Across the College of Arts and Sciences, students are researching critical aspects of diversity and identity – including race, gender, sexuality and religion – within their majors. This list is just a snapshot of the high quality, multidisciplinary and closely mentored research undertaken by undergraduates and mentors in every department.

Multifaith Scholars program welcomes fifth cohort

Five rising juniors were selected as members of the fifth class of Multifaith Scholars, a two-year fellows program for juniors and seniors that offers a closely mentored, experientially rich and intellectually rigorous program.

Scholars are awarded $5,000 annually to support research and study in global contexts connected with religious diversity and multireligious societies. Multifaith cohorts are selected each spring among students who show great potential as academically curious and socially engaged leaders committed to their ongoing development and the enhancement of local and global communities.

“The selection committee was impressed by the incredible richness of these scholars’ proposed projects,” said Associate Professor of Religious Studies Amy Allocco, who directs the program.

In addition to pursuing faculty-mentored undergraduate research and undertaking academic coursework, the scholars will extend the program’s ongoing community partnership with the Burlington Masjid.

This year’s cohort includes:

Darsev Kaur ’23

  • Major: Religious Studies
  • Mentor: Amy Allocco, associate professor of religious studies
  • Proposed research: Darsev’s research will focus on everyday Sikh religiosity and will analyze the significance of devotional practices performed during congregational worship at the Keshgarh Sahib Gurudwara and related sites in Punjab, India.

Aidan Melinson ’23

  • Major: Creative Writing and Religious Studies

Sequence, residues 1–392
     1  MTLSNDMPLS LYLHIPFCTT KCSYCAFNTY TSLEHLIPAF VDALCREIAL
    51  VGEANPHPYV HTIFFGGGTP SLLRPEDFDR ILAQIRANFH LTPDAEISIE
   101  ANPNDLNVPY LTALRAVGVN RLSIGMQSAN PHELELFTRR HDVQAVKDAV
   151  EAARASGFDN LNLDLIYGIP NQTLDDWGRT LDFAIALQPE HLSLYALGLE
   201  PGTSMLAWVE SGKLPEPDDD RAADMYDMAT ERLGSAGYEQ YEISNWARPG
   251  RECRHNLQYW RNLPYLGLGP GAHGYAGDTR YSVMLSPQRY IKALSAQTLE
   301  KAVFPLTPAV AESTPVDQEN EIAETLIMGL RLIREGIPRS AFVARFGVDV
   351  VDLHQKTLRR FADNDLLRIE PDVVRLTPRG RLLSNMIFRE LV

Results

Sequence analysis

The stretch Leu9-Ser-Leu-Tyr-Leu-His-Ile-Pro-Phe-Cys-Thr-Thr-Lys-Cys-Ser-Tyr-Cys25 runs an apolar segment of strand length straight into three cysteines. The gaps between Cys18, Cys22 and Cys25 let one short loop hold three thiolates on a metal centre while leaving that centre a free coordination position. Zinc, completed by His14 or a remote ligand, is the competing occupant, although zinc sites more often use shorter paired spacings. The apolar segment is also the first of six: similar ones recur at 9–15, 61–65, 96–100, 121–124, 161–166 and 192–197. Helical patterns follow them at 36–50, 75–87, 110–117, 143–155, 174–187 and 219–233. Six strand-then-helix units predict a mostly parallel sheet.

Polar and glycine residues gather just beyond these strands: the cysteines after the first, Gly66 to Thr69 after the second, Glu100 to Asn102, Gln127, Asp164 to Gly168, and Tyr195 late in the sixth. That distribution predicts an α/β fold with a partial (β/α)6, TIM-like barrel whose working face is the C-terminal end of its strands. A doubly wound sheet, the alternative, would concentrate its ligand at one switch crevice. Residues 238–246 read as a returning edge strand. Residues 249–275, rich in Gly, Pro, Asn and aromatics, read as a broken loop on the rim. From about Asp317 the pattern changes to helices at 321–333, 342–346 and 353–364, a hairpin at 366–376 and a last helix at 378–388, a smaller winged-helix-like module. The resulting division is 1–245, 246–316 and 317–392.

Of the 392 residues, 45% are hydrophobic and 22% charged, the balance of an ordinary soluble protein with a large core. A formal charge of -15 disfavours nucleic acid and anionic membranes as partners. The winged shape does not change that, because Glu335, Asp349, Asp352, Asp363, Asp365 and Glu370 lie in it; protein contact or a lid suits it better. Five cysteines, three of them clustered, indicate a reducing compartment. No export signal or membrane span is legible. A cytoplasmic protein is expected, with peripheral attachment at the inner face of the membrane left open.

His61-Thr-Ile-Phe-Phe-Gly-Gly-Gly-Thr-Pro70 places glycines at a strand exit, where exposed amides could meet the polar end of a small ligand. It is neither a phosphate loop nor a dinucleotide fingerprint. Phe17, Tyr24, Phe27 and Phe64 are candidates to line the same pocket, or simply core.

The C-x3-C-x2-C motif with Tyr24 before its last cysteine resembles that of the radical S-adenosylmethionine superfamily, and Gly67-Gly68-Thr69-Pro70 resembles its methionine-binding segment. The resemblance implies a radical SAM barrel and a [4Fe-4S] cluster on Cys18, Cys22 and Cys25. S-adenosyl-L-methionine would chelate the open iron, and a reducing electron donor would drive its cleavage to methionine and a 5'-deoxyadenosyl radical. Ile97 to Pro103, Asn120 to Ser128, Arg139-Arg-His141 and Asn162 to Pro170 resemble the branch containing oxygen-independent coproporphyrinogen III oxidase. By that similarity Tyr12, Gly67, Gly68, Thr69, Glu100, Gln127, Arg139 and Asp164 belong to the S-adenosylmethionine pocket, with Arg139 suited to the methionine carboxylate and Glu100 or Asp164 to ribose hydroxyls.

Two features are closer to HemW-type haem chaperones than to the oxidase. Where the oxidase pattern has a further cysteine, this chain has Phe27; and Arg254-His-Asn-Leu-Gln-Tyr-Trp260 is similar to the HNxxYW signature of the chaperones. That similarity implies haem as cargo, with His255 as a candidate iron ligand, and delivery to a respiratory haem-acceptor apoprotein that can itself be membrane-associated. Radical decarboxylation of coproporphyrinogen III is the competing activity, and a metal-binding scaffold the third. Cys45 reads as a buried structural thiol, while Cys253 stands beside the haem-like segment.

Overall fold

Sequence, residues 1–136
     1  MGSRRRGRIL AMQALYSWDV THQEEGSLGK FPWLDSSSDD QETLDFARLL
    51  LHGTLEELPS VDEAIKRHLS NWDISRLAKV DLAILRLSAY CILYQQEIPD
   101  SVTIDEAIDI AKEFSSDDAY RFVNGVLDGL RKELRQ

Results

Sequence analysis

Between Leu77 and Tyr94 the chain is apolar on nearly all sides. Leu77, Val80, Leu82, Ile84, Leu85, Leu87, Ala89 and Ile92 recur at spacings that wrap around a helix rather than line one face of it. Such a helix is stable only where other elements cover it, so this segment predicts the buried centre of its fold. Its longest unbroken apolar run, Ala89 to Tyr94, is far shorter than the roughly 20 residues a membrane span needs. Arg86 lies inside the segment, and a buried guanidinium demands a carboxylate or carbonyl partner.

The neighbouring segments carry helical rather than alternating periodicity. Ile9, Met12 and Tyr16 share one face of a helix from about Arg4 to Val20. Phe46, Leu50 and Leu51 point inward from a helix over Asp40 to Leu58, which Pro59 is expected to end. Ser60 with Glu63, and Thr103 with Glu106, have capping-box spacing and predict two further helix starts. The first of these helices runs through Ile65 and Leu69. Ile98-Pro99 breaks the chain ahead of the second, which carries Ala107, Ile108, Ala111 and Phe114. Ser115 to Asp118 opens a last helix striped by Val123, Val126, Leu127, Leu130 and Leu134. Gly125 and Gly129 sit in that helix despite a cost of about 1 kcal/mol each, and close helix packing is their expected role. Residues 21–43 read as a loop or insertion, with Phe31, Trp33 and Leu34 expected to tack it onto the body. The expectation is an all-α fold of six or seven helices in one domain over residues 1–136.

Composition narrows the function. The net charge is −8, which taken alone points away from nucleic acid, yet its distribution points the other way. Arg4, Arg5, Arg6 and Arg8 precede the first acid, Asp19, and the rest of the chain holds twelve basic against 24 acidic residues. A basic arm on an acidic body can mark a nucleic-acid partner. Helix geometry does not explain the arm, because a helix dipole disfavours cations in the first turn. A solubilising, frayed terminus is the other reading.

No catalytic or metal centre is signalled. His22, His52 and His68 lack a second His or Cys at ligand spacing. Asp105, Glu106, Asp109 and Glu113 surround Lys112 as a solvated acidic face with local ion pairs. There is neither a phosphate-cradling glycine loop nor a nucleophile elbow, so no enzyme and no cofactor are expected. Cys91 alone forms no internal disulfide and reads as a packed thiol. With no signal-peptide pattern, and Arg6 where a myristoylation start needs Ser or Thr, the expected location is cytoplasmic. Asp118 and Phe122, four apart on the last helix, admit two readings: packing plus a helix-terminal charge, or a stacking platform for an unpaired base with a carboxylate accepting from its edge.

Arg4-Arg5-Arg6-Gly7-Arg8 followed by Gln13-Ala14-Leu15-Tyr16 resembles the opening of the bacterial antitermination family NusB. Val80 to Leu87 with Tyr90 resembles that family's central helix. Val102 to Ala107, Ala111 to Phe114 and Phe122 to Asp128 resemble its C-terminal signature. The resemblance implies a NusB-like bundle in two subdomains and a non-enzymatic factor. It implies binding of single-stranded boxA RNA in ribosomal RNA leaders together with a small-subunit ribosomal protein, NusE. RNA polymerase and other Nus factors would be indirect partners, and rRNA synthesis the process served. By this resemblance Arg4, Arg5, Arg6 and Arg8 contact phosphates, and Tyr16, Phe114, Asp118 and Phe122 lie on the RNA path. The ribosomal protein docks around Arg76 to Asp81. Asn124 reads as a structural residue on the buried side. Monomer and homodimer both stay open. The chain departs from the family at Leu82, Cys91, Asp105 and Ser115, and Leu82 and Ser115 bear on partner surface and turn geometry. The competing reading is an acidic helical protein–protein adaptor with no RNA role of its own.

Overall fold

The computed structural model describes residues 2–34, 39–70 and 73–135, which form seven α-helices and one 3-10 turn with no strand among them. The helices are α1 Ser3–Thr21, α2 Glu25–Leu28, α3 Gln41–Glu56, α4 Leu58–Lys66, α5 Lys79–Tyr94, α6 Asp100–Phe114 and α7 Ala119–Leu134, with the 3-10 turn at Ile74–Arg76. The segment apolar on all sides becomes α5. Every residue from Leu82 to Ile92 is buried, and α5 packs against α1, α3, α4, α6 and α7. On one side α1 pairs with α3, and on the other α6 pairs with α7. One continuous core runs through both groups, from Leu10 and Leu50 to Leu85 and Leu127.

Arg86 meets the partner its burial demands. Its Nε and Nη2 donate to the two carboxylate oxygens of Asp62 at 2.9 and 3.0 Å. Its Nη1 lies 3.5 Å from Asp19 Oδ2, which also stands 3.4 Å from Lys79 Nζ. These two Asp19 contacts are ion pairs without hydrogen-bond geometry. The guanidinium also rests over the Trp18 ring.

• Mentor: Drew Perry, associate professor of English
  • Proposed research: Aidan’s research will combine creative writing and interreligious studies to produce a collection of creative pieces that reflect on Irish-Catholic culture, pre-Christian Ireland and his own identities against the backdrop of personal loss.

Peyton Rohlfs ’23

  • Major: Literature and Religious Studies
  • Mentor: Dinidu Karunanayake, assistant professor of English
  • Proposed research: Peyton’s project will examine the formation of Buddhist cultural memory as it intersects with religious identity and nationalism within the Sri Lankan diaspora community in Staten Island, New York’s “Little Sri Lanka.”

Madelyn Starr ’23

  • Major: Religious Studies and International & Global Studies
  • Mentor: Amy Allocco, associate professor of religious studies
  • Proposed research: Madelyn will conduct ethnographic fieldwork in Jerusalem and record the “material memories” that Israelis and Palestinians attach to everyday objects in order to understand their experiences of the Israeli-Palestinian conflict.

Emerson Wells ‘23

  • Major: Environmental and Ecological Science
  • Mentor: Robert Perdue, assistant professor of sociology and anthropology
  • Proposed research: Emerson will use environmental sociology to examine the relationship between mountain identity and religious traditions in the southern Appalachian Mountains and Bhutan.